|Facebook, the company that revolutionised social networking on the Internet, now wants a say in computer hardware as well. It has joined hands with companies like Hewlett Packard, Dell, Advanced Micro Devices and Intel to launch the “Open Compute Project”. On Thursday morning, at its headquarters in Palo Alto, California, the social networking giant open sourced the specifications and design documents for the custom-built servers, power supplies, racks, battery backup systems and other equipments used at its new Prineville, Oregon data centre.”It’s time to stop treating data centre design like Fight Club and demystify the way these things are built,” said Jonathan Heiliger, vice president of technical operations at Facebook. The move is in stark contrast to search giant Google, famously secretive about its latest data centre and server designs.
The project aims to offer specifications and designs for more power-efficient computers that are specifically geared toward running Internet services, shared openly with other companies.
“What we learned as we transitioned from being a small start-up, one office in a garage—to where we are today—a slightly bigger start-up, is that there are a couple of ways you can go about designing data centres and servers. You can build them yourselves and work with ODMs (original design manufacturers) or you can basically get whatever the products are that the mass manufacturers of servers put out. We found the mass manufacturers weren’t in line with what we needed and what social apps need,” CEO Mark Zuckerberg said at the event.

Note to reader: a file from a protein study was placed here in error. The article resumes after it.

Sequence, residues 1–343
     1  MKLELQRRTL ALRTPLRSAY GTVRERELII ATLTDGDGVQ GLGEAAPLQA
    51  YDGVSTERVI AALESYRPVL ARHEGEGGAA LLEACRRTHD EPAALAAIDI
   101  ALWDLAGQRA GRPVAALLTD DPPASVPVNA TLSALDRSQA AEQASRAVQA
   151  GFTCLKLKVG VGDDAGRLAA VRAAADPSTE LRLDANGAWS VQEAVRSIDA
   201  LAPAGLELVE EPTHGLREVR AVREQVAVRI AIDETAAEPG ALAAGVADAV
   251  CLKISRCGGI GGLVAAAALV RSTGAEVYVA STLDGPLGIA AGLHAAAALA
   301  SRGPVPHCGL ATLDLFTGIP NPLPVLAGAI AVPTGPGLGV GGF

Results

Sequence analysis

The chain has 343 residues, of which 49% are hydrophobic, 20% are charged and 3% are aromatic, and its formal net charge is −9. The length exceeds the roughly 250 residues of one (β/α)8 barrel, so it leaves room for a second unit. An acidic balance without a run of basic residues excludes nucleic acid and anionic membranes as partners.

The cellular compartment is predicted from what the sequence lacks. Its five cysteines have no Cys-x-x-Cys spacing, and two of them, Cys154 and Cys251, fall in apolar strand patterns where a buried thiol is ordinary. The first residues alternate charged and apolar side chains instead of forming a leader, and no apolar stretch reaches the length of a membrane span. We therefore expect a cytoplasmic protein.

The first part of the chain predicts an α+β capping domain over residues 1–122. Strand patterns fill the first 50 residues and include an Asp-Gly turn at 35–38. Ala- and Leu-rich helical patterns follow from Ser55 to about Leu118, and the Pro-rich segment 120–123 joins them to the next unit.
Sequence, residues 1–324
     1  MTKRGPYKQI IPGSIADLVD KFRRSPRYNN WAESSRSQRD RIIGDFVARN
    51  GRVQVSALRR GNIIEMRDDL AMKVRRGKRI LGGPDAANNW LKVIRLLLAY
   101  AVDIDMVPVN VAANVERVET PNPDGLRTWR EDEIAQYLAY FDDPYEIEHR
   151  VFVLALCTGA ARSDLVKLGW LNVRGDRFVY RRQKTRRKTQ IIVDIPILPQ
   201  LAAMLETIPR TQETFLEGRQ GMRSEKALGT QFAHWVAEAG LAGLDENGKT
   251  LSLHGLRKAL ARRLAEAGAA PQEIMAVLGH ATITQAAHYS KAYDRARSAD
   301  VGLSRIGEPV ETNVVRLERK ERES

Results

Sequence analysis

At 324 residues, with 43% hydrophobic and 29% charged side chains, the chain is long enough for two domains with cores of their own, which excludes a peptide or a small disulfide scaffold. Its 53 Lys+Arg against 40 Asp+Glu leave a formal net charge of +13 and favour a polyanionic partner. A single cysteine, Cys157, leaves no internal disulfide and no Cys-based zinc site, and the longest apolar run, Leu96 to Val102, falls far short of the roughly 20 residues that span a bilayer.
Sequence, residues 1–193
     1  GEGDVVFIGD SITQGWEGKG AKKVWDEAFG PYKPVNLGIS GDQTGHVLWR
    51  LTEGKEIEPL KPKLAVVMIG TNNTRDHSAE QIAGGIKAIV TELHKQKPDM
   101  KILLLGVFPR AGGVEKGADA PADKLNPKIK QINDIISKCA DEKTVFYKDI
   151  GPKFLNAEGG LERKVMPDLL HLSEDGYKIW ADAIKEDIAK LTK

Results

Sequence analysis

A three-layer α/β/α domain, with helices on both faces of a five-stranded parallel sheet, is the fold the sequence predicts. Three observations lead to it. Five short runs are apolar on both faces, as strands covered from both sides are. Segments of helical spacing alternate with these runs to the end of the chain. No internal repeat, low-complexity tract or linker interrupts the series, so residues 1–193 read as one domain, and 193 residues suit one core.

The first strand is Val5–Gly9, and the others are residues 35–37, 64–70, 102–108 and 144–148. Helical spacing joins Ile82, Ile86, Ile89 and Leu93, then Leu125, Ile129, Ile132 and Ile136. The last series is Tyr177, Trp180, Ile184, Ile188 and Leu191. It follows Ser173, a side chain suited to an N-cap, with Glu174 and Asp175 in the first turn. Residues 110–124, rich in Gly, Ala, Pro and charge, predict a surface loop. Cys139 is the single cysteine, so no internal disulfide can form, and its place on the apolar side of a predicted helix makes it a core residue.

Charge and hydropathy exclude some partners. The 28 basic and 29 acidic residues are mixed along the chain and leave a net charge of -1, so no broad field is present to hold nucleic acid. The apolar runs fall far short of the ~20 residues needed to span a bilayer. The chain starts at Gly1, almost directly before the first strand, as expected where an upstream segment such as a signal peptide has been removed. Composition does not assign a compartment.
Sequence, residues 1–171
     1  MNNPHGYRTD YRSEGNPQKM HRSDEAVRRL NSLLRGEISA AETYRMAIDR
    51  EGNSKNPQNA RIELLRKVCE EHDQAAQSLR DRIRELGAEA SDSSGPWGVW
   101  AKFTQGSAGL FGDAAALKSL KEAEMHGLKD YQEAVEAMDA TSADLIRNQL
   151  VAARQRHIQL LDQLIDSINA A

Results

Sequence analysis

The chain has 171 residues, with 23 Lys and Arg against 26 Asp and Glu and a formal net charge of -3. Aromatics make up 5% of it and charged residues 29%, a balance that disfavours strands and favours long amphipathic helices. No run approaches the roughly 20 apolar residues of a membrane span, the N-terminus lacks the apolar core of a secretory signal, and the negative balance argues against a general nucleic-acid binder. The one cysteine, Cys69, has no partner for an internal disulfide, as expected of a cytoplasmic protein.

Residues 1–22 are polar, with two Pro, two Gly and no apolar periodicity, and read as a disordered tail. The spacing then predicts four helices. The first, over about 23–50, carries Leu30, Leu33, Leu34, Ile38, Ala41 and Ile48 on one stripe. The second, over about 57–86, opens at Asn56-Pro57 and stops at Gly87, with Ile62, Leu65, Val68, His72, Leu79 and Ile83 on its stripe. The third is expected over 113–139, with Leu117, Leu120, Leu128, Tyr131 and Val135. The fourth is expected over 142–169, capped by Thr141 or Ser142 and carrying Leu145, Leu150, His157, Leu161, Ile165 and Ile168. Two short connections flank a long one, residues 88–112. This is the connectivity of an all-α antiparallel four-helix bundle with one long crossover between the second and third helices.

By launching the Open Compute Project and sharing design specifications, he hoped to increase availability and demand for the specialised servers.
Dell will build servers based on those technical specifications, while Synnex will act as overall vendor for the systems. The technology will power servers in the company’s first custom-built data centre, in Oregon.
A CNET report explains: “The project includes all the specs, schematics, and basic instructions for building a data centre and the servers inside them in the style of Facebook, which needs lots of computing power for its 500 million users sharing pictures, links, and messages in real time…The big things that set apart Facebook’s data centre design is that there’s no air conditioning, which sucks extra power, in their data centre. Instead there’s a water-misting system for cooling and the hot air coming off the servers is recycled for heating attached buildings. The data centre also uses 480-volt electrical distribution centres throughout.”
The new servers, according to Facebook, are 38 per cent more energy efficient than the ones they were buying and cost 24 per cent less than off-the-shelf products used to power its service.